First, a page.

Brain death- Too flawed to endure, too ingrained to abandon
ABSTRACT The concept of brain death has become deeply ingrained in our health care system. It serves as the justification for the removal of vital organs like the heart and liver from patients who still have circulation and respiration while these organs maintain viability. On close examination, however, the concept is seen as incoherent and counterintuitive to our understandings of death. In order to abandon the concept of brain death and yet retain our practices in organ transplantation, we need to either change the definition of death or no longer maintain a commitment to the dead donor rule, which is an implicit prohibition against removing vital organs from individuals before they are declared dead. After exploring these two options, the author argues that while new definitions of death are problematic, alternatives to the dead donor rule are both ethically justifiable and potentially palatable to the public. Even so, the author concludes that neither of these approaches is likely to be adopted and that resolution will most probably come when technological advances in immunology simply make the concept of brain death obsolete.
Pediatric Neurology 10/2014; 51(4). DOI:10.1016/j.pediatrneurol.2014.06.006 · 1.50 Impact Factor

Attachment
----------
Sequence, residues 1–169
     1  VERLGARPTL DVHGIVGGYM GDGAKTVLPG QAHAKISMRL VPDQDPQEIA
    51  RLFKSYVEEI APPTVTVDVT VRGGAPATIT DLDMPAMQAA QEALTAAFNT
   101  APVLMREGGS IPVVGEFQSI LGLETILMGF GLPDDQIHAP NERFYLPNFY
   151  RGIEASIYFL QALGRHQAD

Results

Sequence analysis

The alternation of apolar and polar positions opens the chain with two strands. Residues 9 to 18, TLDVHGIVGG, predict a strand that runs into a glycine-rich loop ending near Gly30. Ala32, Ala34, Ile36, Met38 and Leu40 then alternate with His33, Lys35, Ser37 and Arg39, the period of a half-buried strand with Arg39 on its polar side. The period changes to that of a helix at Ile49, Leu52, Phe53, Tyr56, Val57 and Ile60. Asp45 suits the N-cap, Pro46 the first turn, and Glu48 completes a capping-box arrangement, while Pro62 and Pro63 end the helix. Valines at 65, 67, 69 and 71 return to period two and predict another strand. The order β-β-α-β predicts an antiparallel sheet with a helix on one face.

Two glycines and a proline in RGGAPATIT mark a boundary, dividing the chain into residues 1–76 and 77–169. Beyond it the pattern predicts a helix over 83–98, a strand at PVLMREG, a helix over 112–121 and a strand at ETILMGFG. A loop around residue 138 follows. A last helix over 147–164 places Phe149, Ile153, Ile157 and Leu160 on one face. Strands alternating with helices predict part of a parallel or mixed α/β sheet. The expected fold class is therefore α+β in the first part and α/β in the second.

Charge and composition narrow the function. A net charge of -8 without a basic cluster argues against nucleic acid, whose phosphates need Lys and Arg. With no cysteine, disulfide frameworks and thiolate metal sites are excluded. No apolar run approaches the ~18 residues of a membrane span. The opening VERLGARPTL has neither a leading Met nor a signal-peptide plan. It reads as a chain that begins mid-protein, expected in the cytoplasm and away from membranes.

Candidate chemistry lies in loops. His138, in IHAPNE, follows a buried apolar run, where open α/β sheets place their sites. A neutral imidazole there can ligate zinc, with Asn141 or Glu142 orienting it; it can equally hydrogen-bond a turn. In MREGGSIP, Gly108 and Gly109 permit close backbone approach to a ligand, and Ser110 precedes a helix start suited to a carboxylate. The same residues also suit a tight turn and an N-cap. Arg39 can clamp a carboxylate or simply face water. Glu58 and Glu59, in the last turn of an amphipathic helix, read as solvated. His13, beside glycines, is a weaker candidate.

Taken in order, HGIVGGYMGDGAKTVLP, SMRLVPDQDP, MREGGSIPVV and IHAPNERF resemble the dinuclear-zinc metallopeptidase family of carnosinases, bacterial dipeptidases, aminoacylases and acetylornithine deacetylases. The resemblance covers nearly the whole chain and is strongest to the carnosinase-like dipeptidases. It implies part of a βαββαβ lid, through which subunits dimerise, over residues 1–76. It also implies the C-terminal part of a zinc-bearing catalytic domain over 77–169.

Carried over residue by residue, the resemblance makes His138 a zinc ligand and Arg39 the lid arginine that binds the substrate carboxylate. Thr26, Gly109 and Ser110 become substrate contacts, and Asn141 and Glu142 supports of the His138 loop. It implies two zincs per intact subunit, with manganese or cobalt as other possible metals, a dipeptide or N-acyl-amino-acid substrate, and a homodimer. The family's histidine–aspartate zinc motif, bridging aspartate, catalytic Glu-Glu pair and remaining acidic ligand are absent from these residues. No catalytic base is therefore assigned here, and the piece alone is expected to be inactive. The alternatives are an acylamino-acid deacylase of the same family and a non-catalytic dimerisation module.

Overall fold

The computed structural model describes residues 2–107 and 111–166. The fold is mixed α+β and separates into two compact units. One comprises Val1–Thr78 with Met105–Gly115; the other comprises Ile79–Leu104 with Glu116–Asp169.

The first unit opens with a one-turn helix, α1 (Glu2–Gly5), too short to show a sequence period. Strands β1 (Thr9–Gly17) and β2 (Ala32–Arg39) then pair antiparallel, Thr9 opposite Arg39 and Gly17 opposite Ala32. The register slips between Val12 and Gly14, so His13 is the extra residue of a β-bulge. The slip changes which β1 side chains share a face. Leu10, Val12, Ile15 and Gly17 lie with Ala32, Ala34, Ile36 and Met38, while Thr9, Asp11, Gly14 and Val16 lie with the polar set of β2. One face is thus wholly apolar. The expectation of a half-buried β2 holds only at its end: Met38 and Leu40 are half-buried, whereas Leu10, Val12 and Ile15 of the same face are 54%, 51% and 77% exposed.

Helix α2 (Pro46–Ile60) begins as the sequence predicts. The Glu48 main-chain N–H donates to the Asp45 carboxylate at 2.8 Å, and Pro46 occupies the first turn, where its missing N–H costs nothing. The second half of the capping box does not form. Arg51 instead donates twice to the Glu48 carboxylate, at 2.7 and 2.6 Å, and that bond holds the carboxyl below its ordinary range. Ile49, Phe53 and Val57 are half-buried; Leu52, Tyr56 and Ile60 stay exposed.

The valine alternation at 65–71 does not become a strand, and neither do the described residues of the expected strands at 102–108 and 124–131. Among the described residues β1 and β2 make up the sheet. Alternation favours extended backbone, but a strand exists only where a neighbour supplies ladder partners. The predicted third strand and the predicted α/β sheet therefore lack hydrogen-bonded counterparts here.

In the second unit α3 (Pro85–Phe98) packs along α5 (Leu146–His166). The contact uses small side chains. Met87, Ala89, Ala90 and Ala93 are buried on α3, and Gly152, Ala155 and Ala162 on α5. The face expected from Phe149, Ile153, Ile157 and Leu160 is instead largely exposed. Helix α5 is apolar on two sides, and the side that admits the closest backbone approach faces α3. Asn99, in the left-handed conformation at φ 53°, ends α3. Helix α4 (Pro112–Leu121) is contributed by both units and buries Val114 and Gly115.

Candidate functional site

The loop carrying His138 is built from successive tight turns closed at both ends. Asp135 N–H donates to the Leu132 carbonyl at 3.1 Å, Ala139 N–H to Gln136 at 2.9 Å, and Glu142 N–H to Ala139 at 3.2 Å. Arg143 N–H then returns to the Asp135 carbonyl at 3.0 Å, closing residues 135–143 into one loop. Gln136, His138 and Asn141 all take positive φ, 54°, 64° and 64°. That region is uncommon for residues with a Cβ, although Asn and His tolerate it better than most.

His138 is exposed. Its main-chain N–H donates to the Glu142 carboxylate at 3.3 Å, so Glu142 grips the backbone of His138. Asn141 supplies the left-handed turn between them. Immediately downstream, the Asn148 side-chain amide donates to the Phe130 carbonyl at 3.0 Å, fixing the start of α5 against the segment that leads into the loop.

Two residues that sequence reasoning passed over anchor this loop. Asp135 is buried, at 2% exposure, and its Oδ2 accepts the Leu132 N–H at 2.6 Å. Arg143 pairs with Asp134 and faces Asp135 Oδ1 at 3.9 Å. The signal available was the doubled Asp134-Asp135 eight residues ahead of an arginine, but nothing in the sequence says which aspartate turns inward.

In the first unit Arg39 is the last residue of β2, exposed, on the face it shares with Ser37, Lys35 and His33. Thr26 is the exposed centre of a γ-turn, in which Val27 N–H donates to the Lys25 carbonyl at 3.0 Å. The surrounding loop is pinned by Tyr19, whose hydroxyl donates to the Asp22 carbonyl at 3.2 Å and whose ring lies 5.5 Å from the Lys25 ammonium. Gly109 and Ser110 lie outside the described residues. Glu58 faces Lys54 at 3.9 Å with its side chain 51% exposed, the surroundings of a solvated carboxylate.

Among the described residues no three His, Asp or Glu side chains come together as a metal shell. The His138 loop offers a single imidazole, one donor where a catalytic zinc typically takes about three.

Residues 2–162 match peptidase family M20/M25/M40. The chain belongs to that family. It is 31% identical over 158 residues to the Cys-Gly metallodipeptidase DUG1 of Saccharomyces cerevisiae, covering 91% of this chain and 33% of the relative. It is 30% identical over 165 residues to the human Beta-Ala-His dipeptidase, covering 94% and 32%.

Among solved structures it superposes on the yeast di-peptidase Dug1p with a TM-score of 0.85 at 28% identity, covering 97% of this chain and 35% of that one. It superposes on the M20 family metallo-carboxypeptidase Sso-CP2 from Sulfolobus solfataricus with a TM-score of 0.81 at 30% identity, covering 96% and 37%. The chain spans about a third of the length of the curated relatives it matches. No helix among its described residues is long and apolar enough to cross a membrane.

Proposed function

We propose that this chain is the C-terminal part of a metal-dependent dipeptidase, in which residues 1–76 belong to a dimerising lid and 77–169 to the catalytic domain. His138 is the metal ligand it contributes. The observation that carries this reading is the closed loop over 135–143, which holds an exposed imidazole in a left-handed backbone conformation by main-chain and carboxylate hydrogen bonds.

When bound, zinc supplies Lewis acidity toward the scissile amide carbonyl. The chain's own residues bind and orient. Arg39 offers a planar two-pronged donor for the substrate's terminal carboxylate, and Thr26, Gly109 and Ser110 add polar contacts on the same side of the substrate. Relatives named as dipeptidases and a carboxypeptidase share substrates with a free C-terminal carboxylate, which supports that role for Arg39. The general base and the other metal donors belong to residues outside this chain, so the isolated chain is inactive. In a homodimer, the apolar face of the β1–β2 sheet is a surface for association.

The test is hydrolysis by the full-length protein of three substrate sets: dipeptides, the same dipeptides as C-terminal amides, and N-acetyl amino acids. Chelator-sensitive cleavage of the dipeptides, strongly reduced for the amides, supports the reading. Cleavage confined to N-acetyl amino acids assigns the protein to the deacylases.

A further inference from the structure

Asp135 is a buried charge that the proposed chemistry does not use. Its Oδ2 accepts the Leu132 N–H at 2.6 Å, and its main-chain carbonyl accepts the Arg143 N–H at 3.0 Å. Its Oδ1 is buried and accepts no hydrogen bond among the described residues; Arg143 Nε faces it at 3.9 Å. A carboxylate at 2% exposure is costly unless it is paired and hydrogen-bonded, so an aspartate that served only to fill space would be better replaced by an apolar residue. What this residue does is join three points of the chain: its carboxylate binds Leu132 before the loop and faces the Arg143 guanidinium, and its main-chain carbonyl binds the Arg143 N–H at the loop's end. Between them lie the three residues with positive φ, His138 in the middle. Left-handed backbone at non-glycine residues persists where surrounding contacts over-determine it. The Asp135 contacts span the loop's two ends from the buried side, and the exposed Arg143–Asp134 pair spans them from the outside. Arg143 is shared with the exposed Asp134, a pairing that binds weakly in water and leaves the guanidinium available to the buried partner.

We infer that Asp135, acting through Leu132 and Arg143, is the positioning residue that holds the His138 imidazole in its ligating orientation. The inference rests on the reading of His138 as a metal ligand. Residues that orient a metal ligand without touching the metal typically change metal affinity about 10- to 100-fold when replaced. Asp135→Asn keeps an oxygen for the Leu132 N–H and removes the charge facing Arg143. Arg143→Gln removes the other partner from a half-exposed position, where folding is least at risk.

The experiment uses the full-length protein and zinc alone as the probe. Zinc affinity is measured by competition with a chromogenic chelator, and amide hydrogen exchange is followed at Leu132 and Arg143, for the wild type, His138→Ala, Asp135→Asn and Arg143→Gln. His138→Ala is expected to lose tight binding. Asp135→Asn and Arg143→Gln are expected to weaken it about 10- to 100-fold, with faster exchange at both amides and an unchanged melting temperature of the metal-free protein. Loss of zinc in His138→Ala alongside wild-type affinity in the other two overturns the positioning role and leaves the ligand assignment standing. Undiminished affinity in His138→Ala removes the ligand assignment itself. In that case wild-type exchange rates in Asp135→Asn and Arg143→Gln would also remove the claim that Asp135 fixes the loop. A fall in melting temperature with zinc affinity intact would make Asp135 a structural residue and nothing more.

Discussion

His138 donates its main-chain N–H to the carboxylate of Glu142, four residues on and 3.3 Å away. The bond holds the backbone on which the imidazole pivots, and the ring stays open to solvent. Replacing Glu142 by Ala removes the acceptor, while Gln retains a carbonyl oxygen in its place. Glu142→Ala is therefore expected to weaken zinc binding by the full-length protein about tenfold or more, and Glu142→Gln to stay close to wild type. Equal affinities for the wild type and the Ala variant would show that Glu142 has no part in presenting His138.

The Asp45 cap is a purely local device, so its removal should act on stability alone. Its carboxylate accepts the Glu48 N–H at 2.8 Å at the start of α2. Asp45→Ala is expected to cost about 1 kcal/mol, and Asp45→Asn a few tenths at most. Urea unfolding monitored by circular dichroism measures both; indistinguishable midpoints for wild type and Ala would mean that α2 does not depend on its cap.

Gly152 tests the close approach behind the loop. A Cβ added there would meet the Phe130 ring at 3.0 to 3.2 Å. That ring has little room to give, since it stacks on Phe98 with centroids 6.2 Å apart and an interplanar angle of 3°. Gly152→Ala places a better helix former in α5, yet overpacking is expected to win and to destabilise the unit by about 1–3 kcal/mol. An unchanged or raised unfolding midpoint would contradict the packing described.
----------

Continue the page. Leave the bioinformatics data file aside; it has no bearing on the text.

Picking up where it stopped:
[Show abstract] [Hide abstract]
ABSTRACT: We seek to change the conversation about brain death by highlighting the distinction between brain death as a biological concept versus brain death as a legal status. The fact that brain death does not cohere with any biologically plausible definition of death has been known for decades. Nevertheless, this fact has not threatened the acceptance of brain death as a legal status that permits individuals to be treated as if they are dead. The similarities between "legally dead" and "legally blind" demonstrate how we may legitimately choose bright-line legal definitions that do not cohere with biological reality. Not only does this distinction bring conceptual coherence to the conversation about brain death, but it has practical implications as well. Once brain death is recognized as a social construction not grounded in biological reality, we create the possibility of changing the social construction in ways that may better serve both organ donors and recipients alike.The American Journal of Bioethics 08/2014; 14(8):9-14. DOI:10.1080/15265161.2014.925154 · 2.45 Impact Factor
The American Journal of Bioethics 08/2014; 14(8):31-33. DOI:10.1080/15265161.2014.925158 · 2.45 Impact Factor